The stage is now set for Joel and Victoria Osteen to appear before the masses, like rock stars before their adoring fans. The loud music, the flashing lights, the 15 member praise band and 70 member choral group rival anything you would see at Caesar’s Palace in Vegas. The congregation is charismatic with arms raised constantly to the Lord in praise. The young gentleman behind me appears spiritually stricken at times, repeatedly shouting “Hallelujah Jesus” while inadvertently spraying spittle down the back of my neck and shoulders. Others have their pen and notepads out, eager to drink from the prosperity waters.
Joel and Victoria both preach messages this morning regarding the importance of maintaining our faith through our trials and tribulations. God is using your circumstances to mold you into the person he wants you to be. Whether you are facing financial difficulties, or health problems, or having relationship issues, God is working in you to shape your destiny. Joel, with his smooth southern drawl and fluttering eyes, gives a standout performance–delivering his sermon in a well prepared, articulate, and compassionate manner. He laces his message with numerous personal anecdotes, scripture verses, and just the appropriate amount of humor to keep the audience fully engaged and responsive. Amens and applause do little to derail his momentum. “It’s all good”, he says. Everything that’s happening in our lives right now is “all good” if we keep our focus on God.
After the 90 minute service, Osteen appeared for a meet-and-greet session just outside the church bookstore. I was really hoping to speak with him briefly about his specific thoughts on the effectiveness of prayer, or perhaps just to take a quick Instagram selfie with him. Unfortunately for me, a large crowd had already gathered and a big burly attendant with an earpiece and lapel microphone kindly informed me that the pastor had another sermon to preach shortly. He told me that I could, if I wanted, to wait here in line for his next appearance in 2 hours. Hey, do you know who I am? I don’t wait two hours for nobody! Plus, Bingo is waiting for me back at the hotel.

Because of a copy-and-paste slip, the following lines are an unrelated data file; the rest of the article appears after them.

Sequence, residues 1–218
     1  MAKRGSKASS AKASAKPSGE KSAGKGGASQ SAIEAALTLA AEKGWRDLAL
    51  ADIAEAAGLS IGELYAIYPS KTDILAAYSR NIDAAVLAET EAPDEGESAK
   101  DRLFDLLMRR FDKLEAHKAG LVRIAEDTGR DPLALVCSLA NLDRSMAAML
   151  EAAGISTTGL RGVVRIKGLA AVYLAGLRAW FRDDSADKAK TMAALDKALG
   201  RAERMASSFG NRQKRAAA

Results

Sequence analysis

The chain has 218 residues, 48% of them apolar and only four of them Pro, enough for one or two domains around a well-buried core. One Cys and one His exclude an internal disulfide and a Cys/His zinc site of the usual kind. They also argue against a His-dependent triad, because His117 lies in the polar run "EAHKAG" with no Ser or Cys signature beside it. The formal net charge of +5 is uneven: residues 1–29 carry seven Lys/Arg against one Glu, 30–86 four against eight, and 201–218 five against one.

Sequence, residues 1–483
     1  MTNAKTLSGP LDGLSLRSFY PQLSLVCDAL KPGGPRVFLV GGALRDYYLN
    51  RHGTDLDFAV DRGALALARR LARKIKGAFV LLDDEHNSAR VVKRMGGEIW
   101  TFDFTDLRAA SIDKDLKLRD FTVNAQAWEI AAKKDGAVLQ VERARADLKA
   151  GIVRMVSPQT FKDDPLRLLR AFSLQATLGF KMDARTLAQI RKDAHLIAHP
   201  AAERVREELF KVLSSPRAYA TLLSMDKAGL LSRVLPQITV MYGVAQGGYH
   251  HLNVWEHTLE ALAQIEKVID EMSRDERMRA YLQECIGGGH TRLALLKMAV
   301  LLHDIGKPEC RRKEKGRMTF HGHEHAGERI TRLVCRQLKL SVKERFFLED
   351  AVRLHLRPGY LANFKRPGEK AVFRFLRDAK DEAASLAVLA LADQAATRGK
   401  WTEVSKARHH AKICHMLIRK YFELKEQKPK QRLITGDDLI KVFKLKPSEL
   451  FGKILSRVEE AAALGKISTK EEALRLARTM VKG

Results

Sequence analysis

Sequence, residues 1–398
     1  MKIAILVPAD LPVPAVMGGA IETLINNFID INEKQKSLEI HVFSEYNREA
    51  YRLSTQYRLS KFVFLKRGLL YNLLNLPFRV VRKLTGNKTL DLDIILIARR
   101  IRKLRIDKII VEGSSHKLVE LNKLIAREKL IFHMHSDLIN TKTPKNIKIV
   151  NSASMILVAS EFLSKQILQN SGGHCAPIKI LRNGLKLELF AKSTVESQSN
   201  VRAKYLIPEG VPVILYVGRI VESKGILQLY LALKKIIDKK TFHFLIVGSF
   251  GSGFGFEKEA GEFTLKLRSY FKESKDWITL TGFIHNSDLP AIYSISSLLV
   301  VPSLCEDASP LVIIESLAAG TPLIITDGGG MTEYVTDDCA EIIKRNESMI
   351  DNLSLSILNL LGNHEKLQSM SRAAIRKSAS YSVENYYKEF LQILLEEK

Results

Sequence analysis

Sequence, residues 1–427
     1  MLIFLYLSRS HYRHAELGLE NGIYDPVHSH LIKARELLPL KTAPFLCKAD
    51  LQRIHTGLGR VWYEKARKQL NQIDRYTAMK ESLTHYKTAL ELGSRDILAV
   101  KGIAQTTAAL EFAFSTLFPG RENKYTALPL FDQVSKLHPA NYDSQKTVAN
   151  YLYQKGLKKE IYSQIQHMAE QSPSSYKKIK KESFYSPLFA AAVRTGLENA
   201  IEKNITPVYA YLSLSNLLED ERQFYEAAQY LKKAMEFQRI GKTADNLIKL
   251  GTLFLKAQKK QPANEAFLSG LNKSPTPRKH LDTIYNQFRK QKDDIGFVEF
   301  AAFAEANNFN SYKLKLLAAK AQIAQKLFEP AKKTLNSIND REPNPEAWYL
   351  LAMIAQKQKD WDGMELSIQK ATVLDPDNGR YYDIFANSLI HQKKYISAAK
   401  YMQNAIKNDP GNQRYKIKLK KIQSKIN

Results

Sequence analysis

So what’s the verdict on Osteen? Is he the second coming of Jesus? Definitely not. Is he some sort of false prophet? I don’t think so. CS Lewis, the Christian writer and theologian said that “all religions, even the queerest ones, contain some hint of truth.” In his messages, Osteen hints mainly at the truth of holding on to God’s hope. His role is that of an encourager. He’s trying to inspire us, to reassure us, and to embolden our faith in our Creator. Sure, his message can be easily misconstrued by those looking for a quick winning lottery ticket. Because despite what we read in God’s Word, our human nature still wants to believe in fairness, in tit-for-tat, and that God will somehow reward our good works. We fool ourselves into thinking that if we want to be blessed financially, then all we have to do is give more money to the poor and volunteer more of our free time. We often mistakenly believe that if our prayers are not being answered, then maybe we just don’t have enough faith in the first place. The reality is that even the most pious Christian lives are not immune to earthly catastrophe and disaster. All the great saints listed in the book of Hebrews did not see their hopes and dreams fulfilled while living on this earth. The truth is that sometimes, it just rains–on both the righteous and unrighteous. Bad things sometimes happen in this world. Life occasionally sucks, but if we listen closely to Osteen’s message, we hear him say time and time again that if we just keep our eyes focused on Jesus and live by our faith, then all of God’s promises will come to fruition. Maybe not through immediate earthly riches, but certainly through eternal heavenly gains. That’s my take. I’m giving my Lakewood experience four stars. I’m glad I went. Praise God! It’s all good. Now pass the offering plate.